Topics: Conflict, Feminisms, Gender, Women, Security, Sexuality Regions: Africa, MENA, North Africa Countries: Libya

Year: 2015

Queering Explanatory Frameworks for Wartime Sexual Violence against Men

Citation:

Schulz, Philipp, and Heleen Touquet. 2020. “Queering Explanatory Frameworks for Wartime Sexual Violence against Men.” International Affairs 96 (5): 1169–87.

Authors: Philipp Schulz, Heleen Touquet

Abstract:

In this article we argue that prevalent explanatory frameworks of sexual violence against men primarily pursue one line of inquiry, explaining its occurrence as exclusively strategic and systematic, based on heteronormative and homophobic assumptions about violence, gender and sexualities. Feminist IR scholarship has significantly complexified our understanding of conflict-related sexual violence (CRSV), documenting its multiple forms and causes across time and space—thereby moving beyond the persistent opportunism-strategy dichotomy and critically engaging with the dominant ‘rape as a weapon of war’ narrative. Drawing on empirical material from Sri Lanka and northern Uganda we queer the current explanatory frameworks, analyzing multiple instances of CRSV against men that both simultaneously seem to confirm and defy categorizations as opportunistic or strategic, while being situated in broader and systematic warfare dynamics and unequal power-relationships. Our empirical material shows that relying on crude categorizations such as the opportunism–strategy binary is unproductive and essentialist, as it tends to mask over the complexities and messiness of deeply gendered power relationships during times of war. Binary strategy/opportunism categorizations also imply broader unintended political consequences, including the further marginalization of sexual violence acts that fall outside the dominant scripts or binary frameworks—such as sexual violence against men with opportunistic underpinnings.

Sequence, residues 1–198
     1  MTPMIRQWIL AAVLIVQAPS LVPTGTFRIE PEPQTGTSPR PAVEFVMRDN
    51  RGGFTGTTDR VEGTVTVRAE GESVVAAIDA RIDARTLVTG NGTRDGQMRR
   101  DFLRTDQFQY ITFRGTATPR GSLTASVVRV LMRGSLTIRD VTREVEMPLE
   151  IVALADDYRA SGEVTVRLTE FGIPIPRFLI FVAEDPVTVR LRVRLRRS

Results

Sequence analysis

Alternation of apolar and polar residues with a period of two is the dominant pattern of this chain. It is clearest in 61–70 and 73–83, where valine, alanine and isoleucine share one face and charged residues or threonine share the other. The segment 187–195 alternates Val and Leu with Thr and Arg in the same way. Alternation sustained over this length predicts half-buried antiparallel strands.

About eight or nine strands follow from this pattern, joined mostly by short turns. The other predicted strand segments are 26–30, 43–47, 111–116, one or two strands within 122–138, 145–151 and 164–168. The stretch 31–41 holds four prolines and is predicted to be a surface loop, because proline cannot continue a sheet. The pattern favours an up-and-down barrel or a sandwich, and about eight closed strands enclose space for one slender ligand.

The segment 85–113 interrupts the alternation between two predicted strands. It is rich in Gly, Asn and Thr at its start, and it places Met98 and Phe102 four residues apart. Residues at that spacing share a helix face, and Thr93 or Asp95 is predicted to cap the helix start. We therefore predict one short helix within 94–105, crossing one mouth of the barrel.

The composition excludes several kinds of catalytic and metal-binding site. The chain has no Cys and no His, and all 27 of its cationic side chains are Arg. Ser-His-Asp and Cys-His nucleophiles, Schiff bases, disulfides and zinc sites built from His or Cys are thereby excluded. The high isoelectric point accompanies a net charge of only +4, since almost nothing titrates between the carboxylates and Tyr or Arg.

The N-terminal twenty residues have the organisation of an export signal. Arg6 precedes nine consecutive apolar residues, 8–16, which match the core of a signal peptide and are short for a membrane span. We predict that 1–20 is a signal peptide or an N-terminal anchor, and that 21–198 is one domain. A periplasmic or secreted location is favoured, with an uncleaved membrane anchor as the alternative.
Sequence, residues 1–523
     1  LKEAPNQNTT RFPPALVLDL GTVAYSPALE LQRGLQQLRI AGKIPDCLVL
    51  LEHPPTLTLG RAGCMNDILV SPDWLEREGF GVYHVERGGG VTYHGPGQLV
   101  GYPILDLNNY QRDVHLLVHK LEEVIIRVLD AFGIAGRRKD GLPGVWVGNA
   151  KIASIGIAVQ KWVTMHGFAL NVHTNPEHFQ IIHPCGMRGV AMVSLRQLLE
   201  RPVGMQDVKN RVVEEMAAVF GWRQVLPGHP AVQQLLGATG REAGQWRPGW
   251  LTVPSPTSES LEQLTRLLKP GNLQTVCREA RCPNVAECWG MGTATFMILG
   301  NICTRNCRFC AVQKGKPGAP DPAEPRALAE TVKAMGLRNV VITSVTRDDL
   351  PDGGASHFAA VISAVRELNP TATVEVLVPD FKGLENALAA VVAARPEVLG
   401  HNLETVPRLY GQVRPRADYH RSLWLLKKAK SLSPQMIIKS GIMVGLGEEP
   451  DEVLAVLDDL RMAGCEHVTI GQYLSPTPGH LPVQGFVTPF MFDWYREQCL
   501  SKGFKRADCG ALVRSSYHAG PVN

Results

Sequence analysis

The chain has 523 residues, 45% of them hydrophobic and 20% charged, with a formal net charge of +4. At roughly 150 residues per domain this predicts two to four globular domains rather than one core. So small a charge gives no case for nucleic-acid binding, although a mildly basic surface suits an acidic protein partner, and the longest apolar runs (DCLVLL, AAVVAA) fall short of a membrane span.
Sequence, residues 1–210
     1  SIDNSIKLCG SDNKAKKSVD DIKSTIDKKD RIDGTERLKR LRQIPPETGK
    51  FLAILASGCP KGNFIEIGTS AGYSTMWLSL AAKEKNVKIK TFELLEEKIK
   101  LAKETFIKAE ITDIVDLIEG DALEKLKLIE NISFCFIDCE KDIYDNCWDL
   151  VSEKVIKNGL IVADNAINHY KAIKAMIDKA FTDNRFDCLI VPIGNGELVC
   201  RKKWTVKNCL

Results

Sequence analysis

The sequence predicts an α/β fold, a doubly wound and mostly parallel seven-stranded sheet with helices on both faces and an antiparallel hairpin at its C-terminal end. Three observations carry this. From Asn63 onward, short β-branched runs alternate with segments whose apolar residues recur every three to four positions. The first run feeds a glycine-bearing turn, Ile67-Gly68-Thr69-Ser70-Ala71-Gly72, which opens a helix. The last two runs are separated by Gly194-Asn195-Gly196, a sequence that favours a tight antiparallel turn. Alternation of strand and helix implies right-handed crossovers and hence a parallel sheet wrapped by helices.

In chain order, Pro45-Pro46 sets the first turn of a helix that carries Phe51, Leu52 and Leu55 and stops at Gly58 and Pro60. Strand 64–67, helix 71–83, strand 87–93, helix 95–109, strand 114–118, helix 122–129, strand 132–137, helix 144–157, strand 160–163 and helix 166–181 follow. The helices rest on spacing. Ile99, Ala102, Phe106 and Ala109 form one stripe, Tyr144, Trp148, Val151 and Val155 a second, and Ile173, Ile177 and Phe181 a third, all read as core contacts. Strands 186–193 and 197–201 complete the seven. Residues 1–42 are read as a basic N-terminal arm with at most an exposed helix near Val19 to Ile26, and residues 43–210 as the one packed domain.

Topics: Conflict, Gender, Men, Gendered Power Relations, Male Victims, Sexual Violence, Rape, SV against Men, Sexuality Regions: Africa, East Africa, Asia, South Asia Countries: Sri Lanka, Uganda

Year: 2020

What Is Sexual about Conflict-Related Sexual Violence? Stories from Men and Women Survivors

Citation:

Dolan, Chris, Maria Eriksson Baaz, and Maria Stern. 2020. “What Is Sexual about Conflict-Related Sexual Violence? Stories from Men and Women Survivors.” International Affairs 96 (5): 1151–68.

Authors: Chris Dolan, Maria Eriksson Baaz, Maria Stern

Abstract:

Despite the prominent attention that the problem of conflict-related sexual violence (CRSV) has recently garnered globally, we still know far too little about what is sexual about sexual violence, according to whom, as well as why and how this matters in our efforts to prevent and redress its harms. A growing theoretical, political, legal and ethical imperative to ask questions about the sexual part of sexual violence across both war and peace is nonetheless emerging. This article therefore turns to the accounts of male and female survivors of CRSV at the at the Refugee Law Project (RLP) in Kampala, Uganda. In our reading of their accounts, we explore how the participants understand the possible imbrication of the perpetrator's sexual desire and pleasure with the violence they inflicted, as well as how they deem such intermeshing impossible or deeply problematic in and to the gendered frames that govern how they think about the distinctions between violence and sex, as well as themselves as sexual, social, embodied subjects. Read together, these conflicted and conflicting testimonies offer a vantage point from which to rethink some of the reductive truisms that persist in dominant policy-friendly accounts of wartime sexual violence—namely that such violence is about power and not about ‘sex’. The participants’ accounts thus urge us, as scholars and policy advocates, to resist reducing the multi-layered experiences of victim/survivors of sexual violence to fit into the palatable narratives of victimhood that prevail in humanitarian, juridical and policy spaces.

Topics: Conflict, Gender, Gendered Discourses, Sexual Violence, SV against Men, SV against Women, Sexuality, Violence Regions: Africa, East Africa Countries: Uganda

Year: 2020